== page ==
Spousal support is the legal term for what is often better known as alimony. The whole point of alimony is to support one of the spouses after a divorce in the manner to which he or she was accustomed during the marriage. The alimony may be paid by either spouse, typically the one who is earning the most money.
Alimony is not set in stone. The circumstances of both of the ex spouses may change over time, making the rationale for the amount of alimony paid to begin with change as well.
This means that if you have been ordered to pay a set amount of alimony and your circumstances change or your ex spouse’s circumstances change, you may request a review of the amount. You can get legal help to do this from a Michigan family law attorney.
The legal situation if you refuse to pay or stop paying spousal support
If you disagree with the amount of alimony you have been paying for whatever reason, or you fail to make payments because you simply cannot afford to, you could be arrested and charged with a felony offense. The punishment in Michigan, if found guilty of failing to pay alimony, may include a prison sentence, or a fine of up to $2,000, or both. There is no point in going down this road. It is far more sensible to discuss your situation with your ex-spouse and suggest that your payments are modified, or at least reduced until your situation changes. Failing this, you should talk to an attorney about your legal options. This may involve going through the Family Court to modify the payments so that you can afford them.
Reasons for modifying the amount of alimony
The court will allow a change in the amount of alimony as long as the reasons are justified. Be prepared to show evidence of the change in circumstances. Examples of what might be allowed include the following:
- Your ex spouse has remarried;
- Your ex spouse has obtained a new job, or is earning more money than when the alimony was first calculated;
- You have retired;
- You have lost your job and are unemployed at the moment;
- You have changed jobs and are not earning as much as before;
- Your ex-spouse has died.
How the process works when you want to modify alimony payments
As has already been stressed, you cannot just reduce your spousal support payments or stop paying them without going through a court to request a modification in payments. Of course, if you and your ex spouse come to an amicable agreement about spousal support the whole process will be a lot simpler and faster.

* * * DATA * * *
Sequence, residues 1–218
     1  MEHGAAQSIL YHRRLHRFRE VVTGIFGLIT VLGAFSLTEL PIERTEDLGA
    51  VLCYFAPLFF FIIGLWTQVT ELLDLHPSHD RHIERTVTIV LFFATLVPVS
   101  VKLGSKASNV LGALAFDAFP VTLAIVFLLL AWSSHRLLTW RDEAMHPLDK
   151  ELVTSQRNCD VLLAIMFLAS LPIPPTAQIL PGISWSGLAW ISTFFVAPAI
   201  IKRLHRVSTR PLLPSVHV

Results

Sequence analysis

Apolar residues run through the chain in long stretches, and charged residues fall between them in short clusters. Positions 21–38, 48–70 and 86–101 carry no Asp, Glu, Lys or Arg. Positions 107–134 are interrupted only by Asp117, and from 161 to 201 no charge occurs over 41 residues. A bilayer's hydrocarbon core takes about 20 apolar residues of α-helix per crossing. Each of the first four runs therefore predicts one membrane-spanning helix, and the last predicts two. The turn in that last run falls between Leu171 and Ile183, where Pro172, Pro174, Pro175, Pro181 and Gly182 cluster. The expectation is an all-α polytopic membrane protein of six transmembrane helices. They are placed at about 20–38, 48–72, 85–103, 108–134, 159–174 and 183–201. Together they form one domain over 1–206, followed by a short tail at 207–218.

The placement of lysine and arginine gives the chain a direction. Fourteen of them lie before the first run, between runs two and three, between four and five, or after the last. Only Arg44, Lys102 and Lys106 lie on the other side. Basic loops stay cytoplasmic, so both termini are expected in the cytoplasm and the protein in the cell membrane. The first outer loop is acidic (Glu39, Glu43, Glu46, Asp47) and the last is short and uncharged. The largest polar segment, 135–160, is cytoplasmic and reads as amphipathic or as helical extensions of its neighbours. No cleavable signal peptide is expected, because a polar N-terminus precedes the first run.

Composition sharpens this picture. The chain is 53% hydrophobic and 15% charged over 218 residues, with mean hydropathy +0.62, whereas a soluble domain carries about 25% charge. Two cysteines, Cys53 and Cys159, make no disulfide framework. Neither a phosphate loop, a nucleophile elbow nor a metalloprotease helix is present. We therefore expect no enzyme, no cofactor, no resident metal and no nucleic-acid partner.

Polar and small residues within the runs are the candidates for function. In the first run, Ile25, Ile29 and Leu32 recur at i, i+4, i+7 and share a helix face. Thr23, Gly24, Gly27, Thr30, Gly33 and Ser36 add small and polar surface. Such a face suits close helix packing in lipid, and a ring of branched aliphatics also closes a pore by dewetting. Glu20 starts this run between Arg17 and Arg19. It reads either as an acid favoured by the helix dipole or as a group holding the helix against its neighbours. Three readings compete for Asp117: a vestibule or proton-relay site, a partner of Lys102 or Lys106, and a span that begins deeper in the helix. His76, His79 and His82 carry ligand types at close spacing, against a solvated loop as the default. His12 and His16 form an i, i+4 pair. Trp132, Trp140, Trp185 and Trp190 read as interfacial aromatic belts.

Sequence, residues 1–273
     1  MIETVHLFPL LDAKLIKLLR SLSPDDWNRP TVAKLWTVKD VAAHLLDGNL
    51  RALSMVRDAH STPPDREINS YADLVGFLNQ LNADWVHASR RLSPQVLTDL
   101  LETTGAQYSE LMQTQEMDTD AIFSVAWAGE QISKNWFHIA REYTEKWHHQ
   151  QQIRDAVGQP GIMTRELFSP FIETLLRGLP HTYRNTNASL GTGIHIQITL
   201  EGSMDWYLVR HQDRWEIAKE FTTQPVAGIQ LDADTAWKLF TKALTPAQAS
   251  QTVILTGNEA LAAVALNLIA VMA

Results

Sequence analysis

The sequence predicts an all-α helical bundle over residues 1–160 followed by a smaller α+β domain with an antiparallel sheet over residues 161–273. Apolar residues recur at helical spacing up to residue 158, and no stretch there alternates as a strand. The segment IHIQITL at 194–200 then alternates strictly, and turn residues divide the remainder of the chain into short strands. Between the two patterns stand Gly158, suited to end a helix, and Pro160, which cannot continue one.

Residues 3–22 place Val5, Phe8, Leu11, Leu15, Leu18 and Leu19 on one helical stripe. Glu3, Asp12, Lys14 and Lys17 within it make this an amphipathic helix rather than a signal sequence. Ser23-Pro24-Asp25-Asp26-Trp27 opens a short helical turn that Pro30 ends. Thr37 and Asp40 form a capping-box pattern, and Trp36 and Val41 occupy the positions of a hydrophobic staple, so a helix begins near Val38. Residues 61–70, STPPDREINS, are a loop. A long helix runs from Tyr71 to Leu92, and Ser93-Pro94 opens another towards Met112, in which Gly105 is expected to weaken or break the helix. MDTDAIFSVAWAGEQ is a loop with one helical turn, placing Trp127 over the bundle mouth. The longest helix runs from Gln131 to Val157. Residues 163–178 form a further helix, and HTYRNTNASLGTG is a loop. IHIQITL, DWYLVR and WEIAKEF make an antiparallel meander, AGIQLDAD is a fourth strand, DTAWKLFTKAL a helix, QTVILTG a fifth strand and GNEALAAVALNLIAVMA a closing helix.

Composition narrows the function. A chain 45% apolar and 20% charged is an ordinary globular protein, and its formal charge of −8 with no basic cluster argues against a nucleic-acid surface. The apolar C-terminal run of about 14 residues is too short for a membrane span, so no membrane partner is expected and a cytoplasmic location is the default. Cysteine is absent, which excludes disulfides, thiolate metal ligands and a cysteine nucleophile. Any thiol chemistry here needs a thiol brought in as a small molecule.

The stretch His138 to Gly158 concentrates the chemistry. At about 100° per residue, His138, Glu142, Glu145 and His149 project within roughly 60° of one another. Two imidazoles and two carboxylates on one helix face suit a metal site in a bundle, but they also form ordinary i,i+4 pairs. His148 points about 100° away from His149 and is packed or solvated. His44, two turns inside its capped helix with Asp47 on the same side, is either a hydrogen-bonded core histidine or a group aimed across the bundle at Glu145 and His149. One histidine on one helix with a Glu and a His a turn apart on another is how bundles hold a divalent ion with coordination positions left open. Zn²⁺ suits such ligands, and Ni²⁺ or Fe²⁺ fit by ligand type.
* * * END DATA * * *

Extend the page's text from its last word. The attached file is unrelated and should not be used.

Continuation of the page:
If you think that you will not get any sort of satisfactory agreement from your ex spouse, but still have a good reason for reducing or eliminating alimony, you should file a petition with the family court requesting a reduction in the amount that you have been ordered to pay. Your spouse will respond to the request. The response may be favorable or not.
The court will then schedule a hearing at which evidence for reducing or eliminating alimony will be heard. This evidence is crucial to your chance of modifying the amount of money you must pay in spousal support. This is where your divorce attorney can really make a difference.
When spousal support is decided on in the first place it may be a lump sum, or a regular payment, weekly or monthly. Either partner can request a modification in the amount of payment and the person who is receiving a regular payment may very well ask for more money if their situation has changed. Generally, a request for another lump sum payment is unlikley to be accepted, but there may be good reasons why a court may agree that an ex spouse should receive a greater regular alimony payment.
The key thing about spousal support is that there are strict rules about the way it is handled and the best way to work out whether you might be able to reduce the amount you are now paying is to discuss your situation with an experienced attorney first before filing a petition for modification.